Weekly Photography Tips - Meteors
There are few things that peak peoples interest in the night sky more than the approach of a meteor shower. Watching these streaks of light across the night sky like a shot of adrenaline. As a photographer it's natural to want to capture and share them with those who can't make it out.
When I'm out capturing nightscapes I see a good many meteors but most are in a random direction so they aren't always captured. The advantage of going out to specifically shoot during a meteor shower is that you have a better idea of when and where they will fall so you can have you camera pointed in the right direction.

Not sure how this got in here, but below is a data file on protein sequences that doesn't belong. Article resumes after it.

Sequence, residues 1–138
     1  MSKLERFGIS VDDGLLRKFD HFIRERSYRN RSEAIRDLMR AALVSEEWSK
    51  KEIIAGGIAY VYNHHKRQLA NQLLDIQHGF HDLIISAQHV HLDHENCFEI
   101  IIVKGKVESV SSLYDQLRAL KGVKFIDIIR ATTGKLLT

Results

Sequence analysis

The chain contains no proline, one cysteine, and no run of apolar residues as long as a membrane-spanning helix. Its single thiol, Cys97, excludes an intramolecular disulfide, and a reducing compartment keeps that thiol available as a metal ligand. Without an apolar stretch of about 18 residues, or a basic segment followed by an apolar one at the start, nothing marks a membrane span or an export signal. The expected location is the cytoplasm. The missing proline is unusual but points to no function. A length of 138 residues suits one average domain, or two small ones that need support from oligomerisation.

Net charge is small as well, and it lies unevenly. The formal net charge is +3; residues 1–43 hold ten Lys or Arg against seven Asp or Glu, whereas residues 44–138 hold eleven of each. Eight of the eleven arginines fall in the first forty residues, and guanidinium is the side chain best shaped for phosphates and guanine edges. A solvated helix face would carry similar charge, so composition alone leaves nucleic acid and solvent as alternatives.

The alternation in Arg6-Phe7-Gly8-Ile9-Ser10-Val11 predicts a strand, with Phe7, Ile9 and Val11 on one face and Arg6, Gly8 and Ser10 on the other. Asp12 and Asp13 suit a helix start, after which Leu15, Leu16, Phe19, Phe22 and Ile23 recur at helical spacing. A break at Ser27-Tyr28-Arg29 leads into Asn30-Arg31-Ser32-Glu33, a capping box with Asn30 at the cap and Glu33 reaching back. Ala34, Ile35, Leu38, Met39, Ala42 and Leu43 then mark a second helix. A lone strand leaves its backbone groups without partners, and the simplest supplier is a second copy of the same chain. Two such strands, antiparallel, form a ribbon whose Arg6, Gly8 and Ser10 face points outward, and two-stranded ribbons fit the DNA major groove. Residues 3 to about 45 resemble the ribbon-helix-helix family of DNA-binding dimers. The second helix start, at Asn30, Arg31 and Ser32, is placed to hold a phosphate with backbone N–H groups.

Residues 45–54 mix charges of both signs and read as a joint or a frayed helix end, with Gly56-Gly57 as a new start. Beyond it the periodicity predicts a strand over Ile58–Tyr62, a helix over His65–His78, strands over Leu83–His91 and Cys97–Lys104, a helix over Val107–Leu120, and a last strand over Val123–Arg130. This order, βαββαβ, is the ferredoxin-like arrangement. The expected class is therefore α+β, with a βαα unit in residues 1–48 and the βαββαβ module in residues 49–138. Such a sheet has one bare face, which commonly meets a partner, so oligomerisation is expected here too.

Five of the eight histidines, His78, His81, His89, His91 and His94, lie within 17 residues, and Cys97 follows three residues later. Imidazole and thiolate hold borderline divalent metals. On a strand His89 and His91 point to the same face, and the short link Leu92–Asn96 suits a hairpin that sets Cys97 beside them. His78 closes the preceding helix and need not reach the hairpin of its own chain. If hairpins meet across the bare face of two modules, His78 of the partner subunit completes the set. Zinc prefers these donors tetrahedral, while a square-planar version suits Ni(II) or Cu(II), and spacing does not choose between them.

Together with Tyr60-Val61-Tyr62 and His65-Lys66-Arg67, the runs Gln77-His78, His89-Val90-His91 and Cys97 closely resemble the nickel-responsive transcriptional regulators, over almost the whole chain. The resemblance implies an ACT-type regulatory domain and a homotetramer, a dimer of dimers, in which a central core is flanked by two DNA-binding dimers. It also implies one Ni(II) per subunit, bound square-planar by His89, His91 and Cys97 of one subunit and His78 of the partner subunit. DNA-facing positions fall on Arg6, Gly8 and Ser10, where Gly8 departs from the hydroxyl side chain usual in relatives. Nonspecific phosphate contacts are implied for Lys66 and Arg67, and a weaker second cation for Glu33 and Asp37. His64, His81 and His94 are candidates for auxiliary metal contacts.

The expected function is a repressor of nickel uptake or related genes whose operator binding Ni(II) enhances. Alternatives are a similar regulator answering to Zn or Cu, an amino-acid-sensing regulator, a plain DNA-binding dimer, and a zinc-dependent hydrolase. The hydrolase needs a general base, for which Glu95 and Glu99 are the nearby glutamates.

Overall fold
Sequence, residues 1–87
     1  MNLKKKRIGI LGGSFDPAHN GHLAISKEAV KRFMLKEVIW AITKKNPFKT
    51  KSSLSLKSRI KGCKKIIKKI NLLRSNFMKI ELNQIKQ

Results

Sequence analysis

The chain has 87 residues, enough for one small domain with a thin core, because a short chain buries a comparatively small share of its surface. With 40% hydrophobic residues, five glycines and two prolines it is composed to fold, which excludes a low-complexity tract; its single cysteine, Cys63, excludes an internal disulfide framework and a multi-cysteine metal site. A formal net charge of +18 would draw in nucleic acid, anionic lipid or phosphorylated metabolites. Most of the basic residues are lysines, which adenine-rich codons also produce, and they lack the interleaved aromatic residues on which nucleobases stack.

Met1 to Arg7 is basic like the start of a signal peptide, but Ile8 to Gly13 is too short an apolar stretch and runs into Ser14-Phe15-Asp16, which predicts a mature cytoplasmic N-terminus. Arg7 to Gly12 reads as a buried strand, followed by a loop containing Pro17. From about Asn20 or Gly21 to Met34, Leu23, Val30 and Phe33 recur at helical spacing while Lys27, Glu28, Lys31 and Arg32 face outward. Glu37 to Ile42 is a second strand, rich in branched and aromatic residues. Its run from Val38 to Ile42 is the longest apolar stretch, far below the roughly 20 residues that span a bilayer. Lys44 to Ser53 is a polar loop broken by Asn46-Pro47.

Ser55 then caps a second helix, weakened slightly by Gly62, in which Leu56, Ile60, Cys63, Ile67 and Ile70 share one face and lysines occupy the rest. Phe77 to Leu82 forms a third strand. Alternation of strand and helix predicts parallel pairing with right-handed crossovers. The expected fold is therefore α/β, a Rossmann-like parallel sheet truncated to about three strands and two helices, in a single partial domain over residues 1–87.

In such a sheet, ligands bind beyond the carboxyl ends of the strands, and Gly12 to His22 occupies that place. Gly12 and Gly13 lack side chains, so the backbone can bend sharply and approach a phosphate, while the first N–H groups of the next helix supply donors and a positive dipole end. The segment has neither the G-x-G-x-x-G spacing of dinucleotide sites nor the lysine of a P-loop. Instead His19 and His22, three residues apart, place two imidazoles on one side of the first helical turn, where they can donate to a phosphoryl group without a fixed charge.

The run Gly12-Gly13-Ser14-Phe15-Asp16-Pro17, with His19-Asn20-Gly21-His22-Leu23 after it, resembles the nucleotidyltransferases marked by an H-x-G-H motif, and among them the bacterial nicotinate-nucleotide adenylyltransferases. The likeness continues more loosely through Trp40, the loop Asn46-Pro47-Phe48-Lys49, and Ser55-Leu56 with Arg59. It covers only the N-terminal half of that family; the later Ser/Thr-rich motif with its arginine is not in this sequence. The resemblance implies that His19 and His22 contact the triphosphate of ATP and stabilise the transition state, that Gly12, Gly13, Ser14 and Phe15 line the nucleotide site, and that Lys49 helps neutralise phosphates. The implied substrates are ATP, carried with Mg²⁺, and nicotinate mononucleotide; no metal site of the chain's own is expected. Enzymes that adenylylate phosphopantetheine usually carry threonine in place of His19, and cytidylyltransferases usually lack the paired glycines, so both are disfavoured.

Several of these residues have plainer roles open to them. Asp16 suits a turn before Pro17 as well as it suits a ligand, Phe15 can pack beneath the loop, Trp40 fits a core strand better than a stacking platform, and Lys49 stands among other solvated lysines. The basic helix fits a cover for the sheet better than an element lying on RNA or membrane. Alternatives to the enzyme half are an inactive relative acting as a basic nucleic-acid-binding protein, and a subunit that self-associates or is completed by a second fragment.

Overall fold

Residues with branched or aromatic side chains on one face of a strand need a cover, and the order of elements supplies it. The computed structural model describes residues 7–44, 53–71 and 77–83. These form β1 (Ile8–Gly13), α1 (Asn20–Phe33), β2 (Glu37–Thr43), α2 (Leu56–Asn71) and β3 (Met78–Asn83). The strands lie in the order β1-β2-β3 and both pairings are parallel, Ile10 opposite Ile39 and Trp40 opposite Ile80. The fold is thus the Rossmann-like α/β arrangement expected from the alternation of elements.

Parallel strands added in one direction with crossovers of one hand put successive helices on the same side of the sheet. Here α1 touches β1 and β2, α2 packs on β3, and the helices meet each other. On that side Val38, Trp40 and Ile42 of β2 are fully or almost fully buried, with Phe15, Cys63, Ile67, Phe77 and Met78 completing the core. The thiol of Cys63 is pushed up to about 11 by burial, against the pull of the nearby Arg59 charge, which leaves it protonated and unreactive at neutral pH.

Each year meteors showers appear in out night sky that are usually associated with debris from old comets. Last week the Geminids peaked on the 13th and could be seen in the east out of the Gemini constellation. This week the smaller Ursids will peak on the 22nd to the north out of Ursa Minor or the Big Dipper.
You can't actually predict exactly when a meteor will fall so the only way to capture them is to set your camera up for time-lapse and allow it to just run for several hours. I use and ultra wide angle lens, 14-24mm and the internal intervalometer so I'm capturing a sequence of images from a large swath of the sky. With any luck, after a couple of hours of shooting I will have at least a few shots with meteors streaking through.
Once they are captured it's a simple matter of combining the images in Photoshop to produce a shot with several meteors. So get out there under the stars and see what you can see. If you miss the Ursids this month, you can catch the larger Quadrantids peaking on January 4th or if you really want to see something mark your calendar for the Perseids on August 13th.
2023 Nightscape Calendars are now available on my shop page.